Beginning at 10.5, ArcGIS Server provides the option to use a Python 3 runtime for command-line ArcPy scripts. In earlier releases of ArcGIS Server on Linux, Python scripts could only be executed in a Linux shell using the Python 2.7 runtime included with ArcGIS Server. This experience had limitations regarding the use of third-party libraries and working with paths. As of ArcGIS Server 10.5, select tools can now be executed with a Python 3.5 runtime that is installed independently of ArcGIS Server.
You can get started using the Python 3 runtime on ArcGIS Server for Linux by using conda to download and install the arcgis-server-10.5-py3 package.
Python has a rich ecosystem of preexisting code packages that can be leveraged within ArcGIS, but managing which packages are installed on a system can be a complex and time consuming task, especially when working on multiple projects at once or trying to share code with others.
To leverage this versatility, the Python community has designed methods to create projects in multiple versions of Python, while trivializing the process of installing nearly all publicly available Python packages. The most popular and widely used Python package manager is conda. Integrating conda with ArcGIS Server allows you to use the functionality in Python's ecosystem of open-source and third-party packages from within ArcGIS Server. It allows you to quickly install, run, and update packages and their dependencies for use in your Python code.
If you do not already have conda, it can be downloaded here.
To access ArcGIS Python functionality, including ArcPy, the arcgis-server-10.5-py3 package can be installed directly from conda. From within a conda environment, use the following command:
conda install -c esri arcgis-server-10.5-py3
Installing the arcgis-server-10.5-py3 package will add ArcPy, including supported geoprocessing tools and all third-party requirements.
How you use the Python 3 runtime with ArcGIS Server is different from the Python 2 ArcGIS Server and other ArcGIS products, including ArcGIS Desktop. There are two primary differences to accommodate: the change of Python from 2 to 3 and differences within arcpy itself.
Changes to functionality in ArcPy
Many geoprocessing tools will continue to be available in the Python 3 runtime for ArcGIS Server; however, some will not. Tools that are not included are the tools in the Parcel Fabric, Schematics, and Tracking Analyst toolboxes. Additional tools in other toolboxes are also not available. For a full listing of supported geoprocessing tools, see the readme file included in the arcgis-server-10.5-py3 package.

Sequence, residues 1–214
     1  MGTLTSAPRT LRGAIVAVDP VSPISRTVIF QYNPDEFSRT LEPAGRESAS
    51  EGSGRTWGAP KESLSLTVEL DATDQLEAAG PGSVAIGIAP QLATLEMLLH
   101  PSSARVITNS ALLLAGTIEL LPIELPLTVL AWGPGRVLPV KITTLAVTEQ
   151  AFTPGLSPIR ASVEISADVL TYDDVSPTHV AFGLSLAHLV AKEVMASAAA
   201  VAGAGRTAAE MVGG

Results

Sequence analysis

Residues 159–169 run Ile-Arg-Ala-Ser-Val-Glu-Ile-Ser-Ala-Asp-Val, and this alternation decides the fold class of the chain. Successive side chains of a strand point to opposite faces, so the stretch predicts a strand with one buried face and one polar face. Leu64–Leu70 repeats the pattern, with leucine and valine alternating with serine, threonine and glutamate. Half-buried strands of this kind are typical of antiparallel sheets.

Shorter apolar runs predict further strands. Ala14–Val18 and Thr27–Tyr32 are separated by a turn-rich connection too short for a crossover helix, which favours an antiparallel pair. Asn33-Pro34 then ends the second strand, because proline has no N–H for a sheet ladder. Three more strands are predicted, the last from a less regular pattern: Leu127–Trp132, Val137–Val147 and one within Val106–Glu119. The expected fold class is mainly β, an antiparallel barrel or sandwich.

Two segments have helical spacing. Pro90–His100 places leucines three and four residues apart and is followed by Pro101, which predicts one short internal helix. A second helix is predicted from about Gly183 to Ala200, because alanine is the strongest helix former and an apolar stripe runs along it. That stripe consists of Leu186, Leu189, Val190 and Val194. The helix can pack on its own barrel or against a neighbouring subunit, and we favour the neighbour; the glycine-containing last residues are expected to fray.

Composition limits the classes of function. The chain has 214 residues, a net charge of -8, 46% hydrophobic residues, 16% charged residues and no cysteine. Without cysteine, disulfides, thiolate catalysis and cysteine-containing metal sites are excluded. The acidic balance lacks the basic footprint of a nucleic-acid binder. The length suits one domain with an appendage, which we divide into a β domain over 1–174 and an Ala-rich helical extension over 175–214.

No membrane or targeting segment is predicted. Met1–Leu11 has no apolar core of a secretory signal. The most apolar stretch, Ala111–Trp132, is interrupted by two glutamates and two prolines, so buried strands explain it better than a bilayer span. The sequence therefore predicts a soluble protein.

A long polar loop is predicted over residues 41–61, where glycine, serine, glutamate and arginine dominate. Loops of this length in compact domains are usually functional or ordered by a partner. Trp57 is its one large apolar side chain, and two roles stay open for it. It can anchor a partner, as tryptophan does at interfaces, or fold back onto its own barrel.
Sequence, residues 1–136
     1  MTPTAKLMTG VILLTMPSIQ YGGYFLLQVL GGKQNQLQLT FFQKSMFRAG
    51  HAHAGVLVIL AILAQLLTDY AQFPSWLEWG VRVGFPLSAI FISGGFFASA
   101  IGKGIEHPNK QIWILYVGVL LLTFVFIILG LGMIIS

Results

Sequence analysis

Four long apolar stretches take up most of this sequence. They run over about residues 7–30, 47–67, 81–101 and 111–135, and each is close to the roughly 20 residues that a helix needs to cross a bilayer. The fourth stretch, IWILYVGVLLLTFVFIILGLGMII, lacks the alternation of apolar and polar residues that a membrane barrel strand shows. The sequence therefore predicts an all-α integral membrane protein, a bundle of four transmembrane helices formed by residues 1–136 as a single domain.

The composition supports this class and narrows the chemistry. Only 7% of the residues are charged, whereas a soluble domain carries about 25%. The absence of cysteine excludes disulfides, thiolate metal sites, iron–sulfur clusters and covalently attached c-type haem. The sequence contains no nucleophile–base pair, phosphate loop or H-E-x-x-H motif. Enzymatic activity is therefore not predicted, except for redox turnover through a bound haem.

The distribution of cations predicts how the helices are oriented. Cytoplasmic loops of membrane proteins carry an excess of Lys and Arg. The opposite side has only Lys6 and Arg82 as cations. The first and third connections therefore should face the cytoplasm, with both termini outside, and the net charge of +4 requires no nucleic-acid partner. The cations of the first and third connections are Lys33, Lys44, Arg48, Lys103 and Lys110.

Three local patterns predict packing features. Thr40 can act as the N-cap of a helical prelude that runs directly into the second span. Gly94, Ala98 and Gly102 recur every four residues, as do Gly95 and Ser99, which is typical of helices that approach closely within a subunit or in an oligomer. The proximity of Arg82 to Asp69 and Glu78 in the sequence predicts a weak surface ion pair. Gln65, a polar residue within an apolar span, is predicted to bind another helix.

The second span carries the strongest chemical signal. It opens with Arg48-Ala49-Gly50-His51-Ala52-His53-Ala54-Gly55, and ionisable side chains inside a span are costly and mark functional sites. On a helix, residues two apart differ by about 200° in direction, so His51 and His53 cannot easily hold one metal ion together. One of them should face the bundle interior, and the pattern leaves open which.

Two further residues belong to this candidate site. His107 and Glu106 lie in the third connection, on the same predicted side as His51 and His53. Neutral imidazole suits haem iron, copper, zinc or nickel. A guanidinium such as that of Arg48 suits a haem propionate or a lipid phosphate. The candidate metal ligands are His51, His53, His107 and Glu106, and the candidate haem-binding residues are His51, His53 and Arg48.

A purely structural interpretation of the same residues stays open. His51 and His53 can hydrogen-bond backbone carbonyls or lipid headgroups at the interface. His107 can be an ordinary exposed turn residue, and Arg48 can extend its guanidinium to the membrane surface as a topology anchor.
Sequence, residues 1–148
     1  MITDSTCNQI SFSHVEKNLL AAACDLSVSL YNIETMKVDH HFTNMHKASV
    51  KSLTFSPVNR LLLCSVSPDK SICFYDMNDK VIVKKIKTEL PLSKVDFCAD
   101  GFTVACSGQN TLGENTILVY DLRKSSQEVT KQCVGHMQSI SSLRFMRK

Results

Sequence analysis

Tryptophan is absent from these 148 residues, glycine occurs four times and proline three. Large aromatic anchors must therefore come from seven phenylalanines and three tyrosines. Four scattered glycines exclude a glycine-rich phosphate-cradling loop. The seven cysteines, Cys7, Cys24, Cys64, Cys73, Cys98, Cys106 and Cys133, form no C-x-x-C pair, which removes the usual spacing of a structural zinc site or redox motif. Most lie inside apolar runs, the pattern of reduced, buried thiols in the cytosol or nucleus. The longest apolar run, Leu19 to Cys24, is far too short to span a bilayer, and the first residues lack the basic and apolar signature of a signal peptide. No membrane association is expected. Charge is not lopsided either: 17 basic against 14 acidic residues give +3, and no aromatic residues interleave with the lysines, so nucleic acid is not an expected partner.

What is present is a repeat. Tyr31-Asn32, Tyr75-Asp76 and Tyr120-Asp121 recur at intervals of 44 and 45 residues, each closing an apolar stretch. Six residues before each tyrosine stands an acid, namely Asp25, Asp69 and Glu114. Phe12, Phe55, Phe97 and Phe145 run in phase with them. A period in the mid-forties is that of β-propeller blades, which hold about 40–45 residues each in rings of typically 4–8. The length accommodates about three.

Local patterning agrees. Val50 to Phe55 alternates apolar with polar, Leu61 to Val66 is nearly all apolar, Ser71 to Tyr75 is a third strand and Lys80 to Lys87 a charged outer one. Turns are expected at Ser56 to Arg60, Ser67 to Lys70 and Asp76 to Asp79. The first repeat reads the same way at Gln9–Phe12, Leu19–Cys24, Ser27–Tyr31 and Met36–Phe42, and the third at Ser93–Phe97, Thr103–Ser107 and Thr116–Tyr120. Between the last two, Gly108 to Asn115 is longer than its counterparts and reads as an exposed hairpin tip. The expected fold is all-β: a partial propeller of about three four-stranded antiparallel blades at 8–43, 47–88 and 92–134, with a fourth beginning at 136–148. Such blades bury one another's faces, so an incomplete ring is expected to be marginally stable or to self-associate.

The arcpy.mapping module has been removed and has been replaced with an arcpy.mp module in ArcGIS Pro. The arcpy.na module also includes changes, many related to the change from arcpy.mapping to arcpy.mp.
Python version change
The ArcGIS Server Python runtime uses Python 3.5. This is a significant change from other ArcGIS products that have used and continue to use releases in the Python 2 line. The Python 3 line of releases are incompatible with the Python 2 line. While fundamentally much of the language is the same, many key details have changed considerably, including how strings and dictionaries work and how the standard library is organized.
Python 3 has been in active development for several years, coexisting with Python 2 as the Python community has ported over. At this time, the majority of key third-party libraries have ported over to Python 3, and in the Python community the consensus is that all new development projects will be done in Python 3.
A key decision point will be whether you will update your Python code to work in both Python 2 and 3. If you're doing a one-way conversion of code from Python 2 to Python 3, there is a 2to3 command line utility that can be used to automate much of the process. This utility is available with both Python 2 and 3. It is important to note that 2to3, while an excellent tool, is not a complete solution (it is sometimes estimated as a 95 percent solution), and additional changes may be necessary.
An excellent reference for porting to Python 3 and migration strategies is in Lennart Regebro's Porting to Python 3 at the http://python3porting.com/ website. It is possible to write scripts that will run in Python 2 and Python 3.
Keep in mind that simpler Python scripts may not need any changes and may run properly without modification.